Amid the I.D.F.’s proclaimed effort to root out Hamas, an estimated thirty thousand people in Gaza have been killed. The I.D.F. claims that around ten thousand were Hamas fighters (the Gaza Health Ministry does not specify that category)—seventy per cent of the dead are reportedly women and minors. Tens of thousands more, including many children, have suffered serious injuries and amputations. Rafah is a nearly twenty-five-square-mile area, in which refugees from Gaza City and Khan Younis are now sheltering. There are currently around 1.5 million civilians there, most of whom are living in tents—an almost sixfold increase in the population since the war began. (In all of Gaza, at least half the buildings have been destroyed or damaged.) United Nations agencies warn of famine, and note that there is no drinking water or water for showers in many shelters, and that there are many reported cases of hepatitis A, gastroenteritis, diarrhea, smallpox, lice, and influenza. Medical facilities have been raided. The refugees are utterly dependent on the humanitarian aid that is brought in, on average, by about eighty-five trucks.

On Sunday, Biden’s national-security adviser, Jake Sullivan, told NBC that the invasion of Rafah should not proceed “unless there is a clear and executable plan to protect those civilians.” Netanyahu’s war cabinet contends that this population can just be moved out of harm’s way. Reserve Major General Tamir Hayman, the managing director of Israel’s Institute for National Security Studies, told me that the I.D.F. is developing a plan to move refugees “north,” along the coast, and in a central area south of Gaza City. (“We are speaking of people who have anyway left their places and are living in tents; the difference between a tent in the south or a tent in the center isn’t so great; and the choice is easier [than the original move], and is moreover in the general direction of home,” Hayman said.) But any such plan seems a portent of greater catastrophe.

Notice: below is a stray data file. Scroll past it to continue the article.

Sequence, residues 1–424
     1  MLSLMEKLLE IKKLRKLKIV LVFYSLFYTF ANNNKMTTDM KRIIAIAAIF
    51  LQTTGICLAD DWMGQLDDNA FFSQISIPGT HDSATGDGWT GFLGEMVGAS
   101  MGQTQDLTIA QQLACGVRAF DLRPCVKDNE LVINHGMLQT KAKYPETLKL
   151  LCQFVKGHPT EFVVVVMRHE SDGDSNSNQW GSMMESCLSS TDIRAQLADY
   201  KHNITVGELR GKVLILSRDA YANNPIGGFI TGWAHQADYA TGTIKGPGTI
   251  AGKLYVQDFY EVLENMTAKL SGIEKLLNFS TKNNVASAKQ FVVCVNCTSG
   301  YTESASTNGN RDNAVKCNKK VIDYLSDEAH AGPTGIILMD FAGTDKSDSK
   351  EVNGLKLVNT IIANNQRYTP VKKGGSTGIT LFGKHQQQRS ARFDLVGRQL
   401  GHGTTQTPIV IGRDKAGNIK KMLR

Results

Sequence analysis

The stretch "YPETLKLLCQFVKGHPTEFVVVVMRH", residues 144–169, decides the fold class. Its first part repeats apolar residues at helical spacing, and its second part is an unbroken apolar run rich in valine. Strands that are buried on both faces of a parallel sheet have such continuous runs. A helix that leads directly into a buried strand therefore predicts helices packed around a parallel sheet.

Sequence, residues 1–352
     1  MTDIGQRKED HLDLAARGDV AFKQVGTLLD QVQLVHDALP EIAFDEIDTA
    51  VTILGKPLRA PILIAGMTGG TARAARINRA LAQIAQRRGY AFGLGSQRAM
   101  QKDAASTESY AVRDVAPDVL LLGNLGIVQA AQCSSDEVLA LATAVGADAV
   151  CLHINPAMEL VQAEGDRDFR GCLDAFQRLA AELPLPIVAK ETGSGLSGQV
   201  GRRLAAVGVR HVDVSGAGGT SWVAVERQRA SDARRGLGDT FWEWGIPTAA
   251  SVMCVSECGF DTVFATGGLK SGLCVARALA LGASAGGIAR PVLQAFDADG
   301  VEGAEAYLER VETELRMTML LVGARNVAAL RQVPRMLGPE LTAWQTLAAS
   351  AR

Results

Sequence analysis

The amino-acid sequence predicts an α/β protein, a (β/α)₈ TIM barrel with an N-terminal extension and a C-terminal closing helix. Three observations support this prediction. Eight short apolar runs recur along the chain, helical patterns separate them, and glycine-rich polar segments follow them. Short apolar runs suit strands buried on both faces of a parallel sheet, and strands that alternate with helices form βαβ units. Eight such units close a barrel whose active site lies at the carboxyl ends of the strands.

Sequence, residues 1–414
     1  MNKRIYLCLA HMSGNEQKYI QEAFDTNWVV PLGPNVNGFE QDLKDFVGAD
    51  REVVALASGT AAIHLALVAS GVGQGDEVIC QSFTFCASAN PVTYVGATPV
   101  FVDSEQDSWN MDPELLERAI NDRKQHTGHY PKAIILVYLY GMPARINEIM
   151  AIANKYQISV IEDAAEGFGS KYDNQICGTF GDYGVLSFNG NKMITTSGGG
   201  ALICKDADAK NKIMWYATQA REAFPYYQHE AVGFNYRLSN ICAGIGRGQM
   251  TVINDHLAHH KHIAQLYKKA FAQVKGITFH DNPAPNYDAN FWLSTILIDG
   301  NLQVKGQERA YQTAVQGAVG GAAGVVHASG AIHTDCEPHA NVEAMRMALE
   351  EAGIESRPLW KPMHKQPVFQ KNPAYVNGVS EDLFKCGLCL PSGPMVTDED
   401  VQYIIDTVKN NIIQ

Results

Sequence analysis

On Thursday, it was reported that at least a hundred and twelve people were killed, and hundreds more injured, when an aid convoy carrying flour and canned food that was escorted by Israeli troops was thronged by starving civilians in the Nabulsi roundabout, quite near the area Hayman spoke of. First eyewitness accounts suggest that Israeli troops fired on the crowd, and although it is not yet clear how many died from gunfire and how many from being trampled or run over—in the local hospital, most of the injuries were said to be bullet wounds—more such horrors seem inevitable if refugees are forced north. (A spokesman for the I.D.F. initially denied that it was responsible for the deaths, and later said that it is “continuing to investigate” the incident.) Biden announced that the U.S. will be initiating airdrops of food and supplies. In Rafah itself, civilians will be in even greater danger.